Choosing the Right Database Management System

Companies need a strong strategy to thrive. A database management system should be tailored to the products and services of a company. Choosing the right one is critical, since it’s responsible for holding important business development information and carrying out hundreds of crucial transactions every day. If you’re at a lost about which system is right for your organization, the following tips might prove beneficial.

 

Understand Your Options

Database systems have become a commodity similar to food items or computers. Price, quality and functionality differ between products, and an individual must do his or her research to choose the best one on the market. There are packaged and open source options available; Fujitsu, Hewlett-Packard, Hitachi, IBM, Microsoft, NCR Teradata, Oracle, Progress, SAS Institute and Sybase are just a few. Three suppliers in particular, Oracle, IMB and Microsoft, dominate 85% of the market and continue to achieve steady revenue growth. Whether one of the “big three” is right for you, however, depends if its criteria is a good match for the needs of your company. Take the time to gather information about a database management system before making a judgement.

 

Oracle

Oracle database versions have gone through a long process of improvement to achieve the high standard of quality that users enjoy today. Popular offerings include Oracle 7, Oracle 8, Oracle 8i, Oracle 9i, Oracle 10g and Oracle Database 11g in beta. The Fusion application platform is commonly paired with an Oracle product, although users can use a different database with the software if they prefer.

Interested individuals should take a look at every version of this database management system. The standard edition features basic functionality and is ideal for servers that have one to four processors. The Enterprise edition is required for servers with more than four CPUs. This edition has more security and performance features to ensure optimal usability; there are no limits on memory and it’s compatible with Oracle Real Application Clusters software.

In addition, users can opt for the Express Edition that runs on Linux Personal Edition and Windows. This version has a single usage license and Database Lite so that it can operate on mobile devices. The company Powergen implemented this product along with Oracle Warehouse Builder to make it simple to centralize customer information and conduct analysis on which clients are the most profitable.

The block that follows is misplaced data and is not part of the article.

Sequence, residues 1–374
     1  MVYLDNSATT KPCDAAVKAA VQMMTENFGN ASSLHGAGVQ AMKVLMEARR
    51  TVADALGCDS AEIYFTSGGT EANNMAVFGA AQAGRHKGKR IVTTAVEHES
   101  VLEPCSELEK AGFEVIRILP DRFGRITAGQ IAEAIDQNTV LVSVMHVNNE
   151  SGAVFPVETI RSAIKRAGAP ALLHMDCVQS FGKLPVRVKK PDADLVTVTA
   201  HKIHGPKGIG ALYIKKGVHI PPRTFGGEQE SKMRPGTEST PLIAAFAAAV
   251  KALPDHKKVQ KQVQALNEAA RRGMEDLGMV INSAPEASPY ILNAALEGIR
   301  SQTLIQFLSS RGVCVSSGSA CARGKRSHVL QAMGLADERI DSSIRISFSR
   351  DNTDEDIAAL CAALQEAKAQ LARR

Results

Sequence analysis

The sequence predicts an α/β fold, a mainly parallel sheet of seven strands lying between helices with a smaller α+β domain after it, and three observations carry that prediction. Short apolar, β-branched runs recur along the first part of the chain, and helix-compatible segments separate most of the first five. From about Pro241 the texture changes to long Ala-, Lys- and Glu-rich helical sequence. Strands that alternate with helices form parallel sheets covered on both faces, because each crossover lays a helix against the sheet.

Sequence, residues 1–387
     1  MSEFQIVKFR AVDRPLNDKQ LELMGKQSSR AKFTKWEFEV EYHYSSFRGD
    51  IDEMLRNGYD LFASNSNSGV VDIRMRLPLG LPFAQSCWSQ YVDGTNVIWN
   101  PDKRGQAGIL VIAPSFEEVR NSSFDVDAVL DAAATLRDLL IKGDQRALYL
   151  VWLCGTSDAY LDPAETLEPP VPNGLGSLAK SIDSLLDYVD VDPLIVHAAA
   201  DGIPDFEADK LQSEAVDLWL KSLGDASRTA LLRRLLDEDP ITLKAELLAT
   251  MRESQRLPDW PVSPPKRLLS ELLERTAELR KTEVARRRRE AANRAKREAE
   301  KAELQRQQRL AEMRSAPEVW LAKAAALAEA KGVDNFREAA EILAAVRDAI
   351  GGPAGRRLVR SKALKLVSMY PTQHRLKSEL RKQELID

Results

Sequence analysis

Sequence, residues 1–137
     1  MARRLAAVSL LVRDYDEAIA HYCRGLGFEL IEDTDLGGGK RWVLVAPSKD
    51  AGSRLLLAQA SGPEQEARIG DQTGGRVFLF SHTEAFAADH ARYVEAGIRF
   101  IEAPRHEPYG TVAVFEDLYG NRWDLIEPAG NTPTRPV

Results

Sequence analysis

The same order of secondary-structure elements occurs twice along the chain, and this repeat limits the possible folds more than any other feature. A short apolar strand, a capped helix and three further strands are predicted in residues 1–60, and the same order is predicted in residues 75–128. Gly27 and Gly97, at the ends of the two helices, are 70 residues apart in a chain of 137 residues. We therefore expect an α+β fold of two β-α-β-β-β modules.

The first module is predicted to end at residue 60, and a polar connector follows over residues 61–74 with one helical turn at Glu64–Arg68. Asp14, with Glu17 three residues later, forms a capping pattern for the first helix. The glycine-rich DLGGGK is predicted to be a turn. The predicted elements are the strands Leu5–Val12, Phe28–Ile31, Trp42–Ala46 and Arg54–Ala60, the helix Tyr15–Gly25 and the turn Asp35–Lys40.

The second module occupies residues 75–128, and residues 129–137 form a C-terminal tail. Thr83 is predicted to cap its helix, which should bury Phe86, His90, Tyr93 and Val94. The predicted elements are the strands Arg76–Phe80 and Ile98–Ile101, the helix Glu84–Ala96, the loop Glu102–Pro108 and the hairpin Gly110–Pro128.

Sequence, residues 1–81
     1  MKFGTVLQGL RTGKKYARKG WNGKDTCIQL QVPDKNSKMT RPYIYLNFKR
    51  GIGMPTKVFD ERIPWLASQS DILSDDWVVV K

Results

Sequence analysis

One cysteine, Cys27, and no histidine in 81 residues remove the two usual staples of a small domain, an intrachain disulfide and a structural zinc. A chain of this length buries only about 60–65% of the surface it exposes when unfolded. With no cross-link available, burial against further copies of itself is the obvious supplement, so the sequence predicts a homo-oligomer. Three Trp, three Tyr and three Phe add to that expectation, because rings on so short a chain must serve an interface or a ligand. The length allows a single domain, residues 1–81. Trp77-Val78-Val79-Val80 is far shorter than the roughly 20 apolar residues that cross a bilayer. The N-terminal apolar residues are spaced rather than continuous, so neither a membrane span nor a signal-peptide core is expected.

IBM DB2

This is the second most popular database management system. Like Oracle, there are a plethora of suites available for both a mainframe computer and a handheld device. The latest is the DB2 version 9, codenamed Viper, which offers several licensing agreements so that users won’t have to pay for the features they won’t need. Other incarnations include Workgroup, Workgroup Unlimited and Enterprise Server Edition.

If you use Linux, Windows or Unix, the DB2 Datawarehouse Enterprise Edition is designed to handle a mixed workload that is perfect for modern companies, such as online transaction processing along with datawarehousing or business intelligence implementations. Impressive features include transforming and loading, extraction, data mining, online analytical processing acceleration and inline analytics.

 

Microsoft SQL Server

Advanced development, security and business intelligence technology is what makes Microsoft SQL Server a great database management system. The company has integrated the system with the Windows Server software stack for ease of use. The latest edition is the Microsoft SQL Server 2005 with four different versions: Express, Workgroup, Standard and Enterprise. Other options include Developer, Compact and Mobile.

As an example, the company London Underground has successfully integrated its main project management application, Primavera Enterprise 5.0, into a bespoke SQL Server 2000 called Master Project Database. It can handle up to 1,700 projects simultaneously for the organization.

 

Open Source Options

Of course, individuals should also consider open source database management products. Smaller suppliers have made a name for themselves by providing quality products to niche markets. They are always improving in scalability and functionality, making them a viable choice for organizations looking for cost effective and high performing systems. Renowned products include Ingres, PostgreSQL and MySQL.

Before making a final decision, individuals should weigh performance measures such as inventory control, banking services and reservation services to decide which database management system is an ideal fit. Hopefully, information on popular systems can help you make the wisest choice for your organization.

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